This condition is an abnormal curvature of the spine. It most often develops in early childhood, just before a child reaches puberty. A lateral (to the sides) curvature that also occurs with a rotational component is most readily noticed when looking at the body from the back. This is frequently manifested as a shoulder or pelvic asymmetry or an overall imbalance of the trunk to the left or right.
In most cases, the direct cause of scoliosis is not understood. Genetics may play a role. It can run in families. It can also result from neuromuscular conditions, birth defects and injuries of the spine.
A spine with scoliosis, when viewed from the rear, curves sideways. It may curve into a “C” or an “S” shape. Scoliosis tends to develop gradually, and usually it is not painful. A child may not realize it is happening. A parent may overlook it. As the curvature progresses and becomes more severe, scoliosis may cause changes in the body.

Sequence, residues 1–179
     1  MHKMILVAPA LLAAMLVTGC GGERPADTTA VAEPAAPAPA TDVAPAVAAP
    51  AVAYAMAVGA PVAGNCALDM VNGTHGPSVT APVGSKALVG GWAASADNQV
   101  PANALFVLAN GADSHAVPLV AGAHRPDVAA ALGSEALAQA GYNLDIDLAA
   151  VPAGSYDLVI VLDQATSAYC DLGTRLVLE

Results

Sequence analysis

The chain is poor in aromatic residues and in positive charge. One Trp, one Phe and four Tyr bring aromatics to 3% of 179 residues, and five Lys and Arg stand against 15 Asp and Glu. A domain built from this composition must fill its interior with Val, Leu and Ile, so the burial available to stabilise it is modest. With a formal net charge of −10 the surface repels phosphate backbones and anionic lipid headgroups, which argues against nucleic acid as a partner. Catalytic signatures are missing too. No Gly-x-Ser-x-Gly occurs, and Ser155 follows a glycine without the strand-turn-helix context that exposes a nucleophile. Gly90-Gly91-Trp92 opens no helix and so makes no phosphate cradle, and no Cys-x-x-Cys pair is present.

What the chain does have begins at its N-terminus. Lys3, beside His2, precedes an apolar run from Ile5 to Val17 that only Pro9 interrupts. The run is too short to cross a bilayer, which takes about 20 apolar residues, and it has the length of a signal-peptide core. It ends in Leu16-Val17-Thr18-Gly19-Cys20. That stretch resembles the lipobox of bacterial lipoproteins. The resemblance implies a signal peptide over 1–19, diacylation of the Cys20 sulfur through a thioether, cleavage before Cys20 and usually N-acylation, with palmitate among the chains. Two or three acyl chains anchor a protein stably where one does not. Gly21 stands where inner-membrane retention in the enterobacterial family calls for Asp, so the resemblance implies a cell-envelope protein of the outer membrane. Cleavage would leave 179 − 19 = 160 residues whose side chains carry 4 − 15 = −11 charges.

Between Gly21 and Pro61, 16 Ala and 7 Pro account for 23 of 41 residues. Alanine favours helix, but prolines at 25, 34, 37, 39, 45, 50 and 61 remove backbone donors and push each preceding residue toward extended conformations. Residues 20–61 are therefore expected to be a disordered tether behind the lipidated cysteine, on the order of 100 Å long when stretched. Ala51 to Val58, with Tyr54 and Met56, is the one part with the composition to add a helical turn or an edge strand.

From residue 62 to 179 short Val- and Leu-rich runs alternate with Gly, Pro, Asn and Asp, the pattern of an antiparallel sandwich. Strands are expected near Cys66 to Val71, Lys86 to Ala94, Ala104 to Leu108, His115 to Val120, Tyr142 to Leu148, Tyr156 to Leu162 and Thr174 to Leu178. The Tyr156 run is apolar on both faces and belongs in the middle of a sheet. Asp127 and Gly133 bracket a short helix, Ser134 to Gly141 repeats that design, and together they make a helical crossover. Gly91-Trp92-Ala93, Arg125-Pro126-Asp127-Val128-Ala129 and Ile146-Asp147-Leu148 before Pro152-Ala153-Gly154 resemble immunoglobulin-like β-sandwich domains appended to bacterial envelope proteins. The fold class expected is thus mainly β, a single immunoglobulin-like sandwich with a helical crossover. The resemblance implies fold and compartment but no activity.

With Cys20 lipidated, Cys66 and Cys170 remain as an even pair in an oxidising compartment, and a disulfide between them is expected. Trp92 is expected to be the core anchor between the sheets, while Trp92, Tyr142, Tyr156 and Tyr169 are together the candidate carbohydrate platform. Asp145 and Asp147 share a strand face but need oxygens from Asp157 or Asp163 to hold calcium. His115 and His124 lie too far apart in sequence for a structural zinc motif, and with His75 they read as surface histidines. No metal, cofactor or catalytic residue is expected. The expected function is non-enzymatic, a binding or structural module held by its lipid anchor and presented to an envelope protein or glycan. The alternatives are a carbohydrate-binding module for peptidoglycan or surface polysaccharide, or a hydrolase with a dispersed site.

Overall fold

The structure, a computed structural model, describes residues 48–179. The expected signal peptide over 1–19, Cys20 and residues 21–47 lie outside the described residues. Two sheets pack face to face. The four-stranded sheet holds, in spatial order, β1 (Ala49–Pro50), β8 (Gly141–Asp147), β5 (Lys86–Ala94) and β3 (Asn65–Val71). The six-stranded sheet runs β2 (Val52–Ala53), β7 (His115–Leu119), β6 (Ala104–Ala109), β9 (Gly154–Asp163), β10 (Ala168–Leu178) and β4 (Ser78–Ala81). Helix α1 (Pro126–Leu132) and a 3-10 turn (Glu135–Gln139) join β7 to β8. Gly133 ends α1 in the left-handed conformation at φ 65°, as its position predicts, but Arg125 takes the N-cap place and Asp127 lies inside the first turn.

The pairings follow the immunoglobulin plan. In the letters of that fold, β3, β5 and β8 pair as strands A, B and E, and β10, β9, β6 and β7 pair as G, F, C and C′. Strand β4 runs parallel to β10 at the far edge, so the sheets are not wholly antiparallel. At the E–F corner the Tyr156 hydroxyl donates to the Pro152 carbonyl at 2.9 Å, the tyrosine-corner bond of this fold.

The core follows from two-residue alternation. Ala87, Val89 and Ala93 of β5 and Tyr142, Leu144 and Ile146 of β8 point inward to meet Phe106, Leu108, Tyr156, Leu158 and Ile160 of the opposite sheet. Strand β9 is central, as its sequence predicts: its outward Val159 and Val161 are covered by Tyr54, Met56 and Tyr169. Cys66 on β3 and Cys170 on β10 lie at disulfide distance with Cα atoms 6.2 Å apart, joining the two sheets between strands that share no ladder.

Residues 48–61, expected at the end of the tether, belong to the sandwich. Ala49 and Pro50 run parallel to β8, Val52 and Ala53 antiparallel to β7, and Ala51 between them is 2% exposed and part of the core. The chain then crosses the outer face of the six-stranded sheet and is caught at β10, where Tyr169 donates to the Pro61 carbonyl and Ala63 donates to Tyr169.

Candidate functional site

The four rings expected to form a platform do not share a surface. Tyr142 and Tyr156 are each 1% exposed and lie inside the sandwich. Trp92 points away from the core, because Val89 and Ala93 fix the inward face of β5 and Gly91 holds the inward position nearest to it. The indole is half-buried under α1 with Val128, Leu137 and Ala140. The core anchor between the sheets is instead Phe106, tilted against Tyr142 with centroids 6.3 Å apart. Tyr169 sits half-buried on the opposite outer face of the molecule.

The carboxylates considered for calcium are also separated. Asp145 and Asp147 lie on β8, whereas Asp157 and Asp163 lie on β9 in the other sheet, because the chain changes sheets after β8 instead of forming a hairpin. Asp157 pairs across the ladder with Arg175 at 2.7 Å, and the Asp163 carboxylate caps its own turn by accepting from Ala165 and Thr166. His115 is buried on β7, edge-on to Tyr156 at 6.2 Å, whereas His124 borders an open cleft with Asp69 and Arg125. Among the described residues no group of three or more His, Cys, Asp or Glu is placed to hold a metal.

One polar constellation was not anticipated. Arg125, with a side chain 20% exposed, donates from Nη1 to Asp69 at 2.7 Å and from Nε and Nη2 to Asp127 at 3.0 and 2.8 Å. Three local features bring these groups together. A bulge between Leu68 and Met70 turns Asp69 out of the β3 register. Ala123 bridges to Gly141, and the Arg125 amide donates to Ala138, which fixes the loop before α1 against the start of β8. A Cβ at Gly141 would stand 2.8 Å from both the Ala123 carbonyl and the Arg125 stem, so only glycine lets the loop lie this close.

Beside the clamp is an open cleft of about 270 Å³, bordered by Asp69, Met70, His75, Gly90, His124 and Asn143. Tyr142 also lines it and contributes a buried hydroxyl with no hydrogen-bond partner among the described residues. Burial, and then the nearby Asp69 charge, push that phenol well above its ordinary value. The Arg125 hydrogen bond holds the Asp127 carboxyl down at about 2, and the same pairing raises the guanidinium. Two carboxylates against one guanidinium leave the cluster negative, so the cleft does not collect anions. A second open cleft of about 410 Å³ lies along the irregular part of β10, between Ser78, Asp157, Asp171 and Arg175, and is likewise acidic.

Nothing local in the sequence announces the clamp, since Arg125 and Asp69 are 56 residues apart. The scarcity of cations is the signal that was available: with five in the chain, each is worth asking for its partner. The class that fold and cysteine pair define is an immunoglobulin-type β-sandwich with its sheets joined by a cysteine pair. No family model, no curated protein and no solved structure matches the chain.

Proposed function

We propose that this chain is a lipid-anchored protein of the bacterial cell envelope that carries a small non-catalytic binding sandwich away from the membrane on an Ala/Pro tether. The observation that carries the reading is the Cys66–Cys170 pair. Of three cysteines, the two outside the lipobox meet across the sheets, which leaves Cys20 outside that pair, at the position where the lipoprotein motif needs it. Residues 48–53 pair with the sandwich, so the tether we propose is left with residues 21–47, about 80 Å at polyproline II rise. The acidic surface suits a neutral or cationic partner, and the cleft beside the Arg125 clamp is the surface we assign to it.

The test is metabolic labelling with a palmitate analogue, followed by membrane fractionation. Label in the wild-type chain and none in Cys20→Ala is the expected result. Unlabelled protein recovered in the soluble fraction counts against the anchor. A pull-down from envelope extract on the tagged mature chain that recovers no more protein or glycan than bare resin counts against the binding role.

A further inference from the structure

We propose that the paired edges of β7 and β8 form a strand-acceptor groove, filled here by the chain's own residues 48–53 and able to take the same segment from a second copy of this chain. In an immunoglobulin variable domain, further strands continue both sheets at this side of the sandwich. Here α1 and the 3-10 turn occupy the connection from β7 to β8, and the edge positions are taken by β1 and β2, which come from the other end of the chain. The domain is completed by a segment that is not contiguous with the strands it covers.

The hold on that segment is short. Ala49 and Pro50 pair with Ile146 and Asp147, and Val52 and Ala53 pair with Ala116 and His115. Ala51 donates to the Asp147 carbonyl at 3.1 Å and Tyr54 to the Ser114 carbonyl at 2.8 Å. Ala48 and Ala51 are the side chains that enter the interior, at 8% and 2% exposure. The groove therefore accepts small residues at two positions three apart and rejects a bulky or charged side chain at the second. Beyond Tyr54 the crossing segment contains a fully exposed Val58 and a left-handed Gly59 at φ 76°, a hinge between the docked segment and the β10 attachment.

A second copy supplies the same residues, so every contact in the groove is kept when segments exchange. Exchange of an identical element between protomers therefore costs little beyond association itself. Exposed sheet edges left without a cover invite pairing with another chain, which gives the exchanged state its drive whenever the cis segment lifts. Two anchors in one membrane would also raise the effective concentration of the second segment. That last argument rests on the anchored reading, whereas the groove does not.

The shoulders and hips may become uneven. One shoulder blade may stick out prominently. In very severe cases, the spine may begin to twist, causing back pain. The ribcage may appear uneven. This can limit the lungs’ ability to expand, affecting breathing.
Most people who have scoliosis do not need treatment. When it is detected, it can be monitored closely to make sure it isn’t getting worse. A doctor may recommend an orthopedic brace to prevent further curvature. In some cases, spinal fusion surgery may be needed to straighten and stabilize the spine.